June 2000, Volume 50, Issue 6

Original Article

Are the Elderly in Pakistan getting their due Share in Health Services? Results from a Survey done in the Pen-Urban Communities of Karachi

Zaki Hasan  ( Department of Dean, Jinnah Medical College, Karachi )
Mohamed Iliyas  ( Department of Community Health Sciences, Jinnah Medical College, Karachi. )
Lubna A. Baig  ( Department of Community Health Sciences, Karachi Medical and Dental College Jinnah Medical College, Karachi. )

Abstract

Objective: To assess the health, activity and social status of the elderly.
Methods: This Cross-sectional study with qualitative and quantitative designs was conducted in two areas of Karachi; one was a peri-urban squatter settlement and other a middle income commurtit . The students o second year at Jinnah Medical College were trained to collect data, which was then entered on database lV and analyzed on the SPSS statistical package.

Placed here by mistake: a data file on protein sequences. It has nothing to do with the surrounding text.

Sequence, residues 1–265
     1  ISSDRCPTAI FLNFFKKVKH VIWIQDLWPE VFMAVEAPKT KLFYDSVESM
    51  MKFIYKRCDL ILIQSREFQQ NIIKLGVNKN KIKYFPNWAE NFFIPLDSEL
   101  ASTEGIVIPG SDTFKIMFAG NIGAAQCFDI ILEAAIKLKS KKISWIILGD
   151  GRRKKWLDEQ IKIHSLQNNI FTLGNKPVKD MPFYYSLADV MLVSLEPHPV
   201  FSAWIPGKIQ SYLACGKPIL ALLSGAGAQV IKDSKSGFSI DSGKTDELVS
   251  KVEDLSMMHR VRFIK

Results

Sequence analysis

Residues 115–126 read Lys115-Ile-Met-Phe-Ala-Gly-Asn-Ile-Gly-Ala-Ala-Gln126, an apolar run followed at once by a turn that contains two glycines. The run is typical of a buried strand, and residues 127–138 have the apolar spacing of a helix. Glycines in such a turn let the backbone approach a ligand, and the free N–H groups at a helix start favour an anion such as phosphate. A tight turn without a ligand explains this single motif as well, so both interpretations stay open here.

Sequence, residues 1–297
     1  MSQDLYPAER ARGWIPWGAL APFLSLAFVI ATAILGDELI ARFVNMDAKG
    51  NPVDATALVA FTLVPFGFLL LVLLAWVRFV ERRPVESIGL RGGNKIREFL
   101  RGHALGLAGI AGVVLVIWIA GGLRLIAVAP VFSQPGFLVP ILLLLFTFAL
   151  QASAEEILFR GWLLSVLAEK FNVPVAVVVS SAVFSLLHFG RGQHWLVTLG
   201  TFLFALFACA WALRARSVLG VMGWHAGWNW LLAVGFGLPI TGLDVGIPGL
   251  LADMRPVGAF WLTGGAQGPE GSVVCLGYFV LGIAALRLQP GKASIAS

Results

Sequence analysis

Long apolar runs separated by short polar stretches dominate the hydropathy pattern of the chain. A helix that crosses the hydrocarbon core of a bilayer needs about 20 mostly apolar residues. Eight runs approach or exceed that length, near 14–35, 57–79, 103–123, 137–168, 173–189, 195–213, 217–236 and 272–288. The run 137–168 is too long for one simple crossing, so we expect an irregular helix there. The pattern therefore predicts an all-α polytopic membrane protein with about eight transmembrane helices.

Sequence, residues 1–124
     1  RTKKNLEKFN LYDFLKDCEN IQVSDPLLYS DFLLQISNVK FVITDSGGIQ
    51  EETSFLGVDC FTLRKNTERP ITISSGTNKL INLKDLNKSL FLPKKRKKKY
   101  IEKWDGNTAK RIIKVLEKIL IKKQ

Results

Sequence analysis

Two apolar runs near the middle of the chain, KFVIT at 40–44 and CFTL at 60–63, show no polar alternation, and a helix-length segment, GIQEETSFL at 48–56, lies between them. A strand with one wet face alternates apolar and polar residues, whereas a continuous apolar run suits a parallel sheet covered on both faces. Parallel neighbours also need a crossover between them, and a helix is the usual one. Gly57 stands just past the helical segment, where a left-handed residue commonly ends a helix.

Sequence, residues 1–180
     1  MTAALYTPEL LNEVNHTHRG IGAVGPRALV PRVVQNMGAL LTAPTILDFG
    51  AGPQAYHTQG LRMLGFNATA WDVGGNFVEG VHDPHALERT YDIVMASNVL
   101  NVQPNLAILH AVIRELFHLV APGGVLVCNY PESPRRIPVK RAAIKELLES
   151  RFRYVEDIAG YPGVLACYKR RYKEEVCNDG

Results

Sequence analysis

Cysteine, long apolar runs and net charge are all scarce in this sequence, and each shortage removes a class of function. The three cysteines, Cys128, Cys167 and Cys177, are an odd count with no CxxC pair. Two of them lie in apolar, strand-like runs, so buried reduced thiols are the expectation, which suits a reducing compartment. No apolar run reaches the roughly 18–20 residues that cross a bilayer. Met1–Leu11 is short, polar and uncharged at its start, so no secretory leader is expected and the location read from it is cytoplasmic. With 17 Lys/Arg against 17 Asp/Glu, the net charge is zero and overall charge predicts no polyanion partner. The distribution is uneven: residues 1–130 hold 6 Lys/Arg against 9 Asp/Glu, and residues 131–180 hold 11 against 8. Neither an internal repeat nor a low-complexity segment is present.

Results: The average age of pen-urban respondents was 66 and urban was 69 years. Majority of the senior citizens were independent and 69% had active daily life (ADL), power of decision making for adults was related to their status in the family (p Conclusion: In the present cultural set up of Pakistan although the elderly are taken care of by their families hut the majority want to continue working and be more independent. Most of the study population had one or the other form of ailment related to ageing which impaired their ADL indicator. I here is extreme deficiency of hea I Lb and social care services for the elderly hence the health care providers should start allocating and improvising for the specialized needs of the elderly. The social structure for elderly should be developed and jobs should also he created for the ones willing to continue working (JPMA 50:192, 2000).

Introduction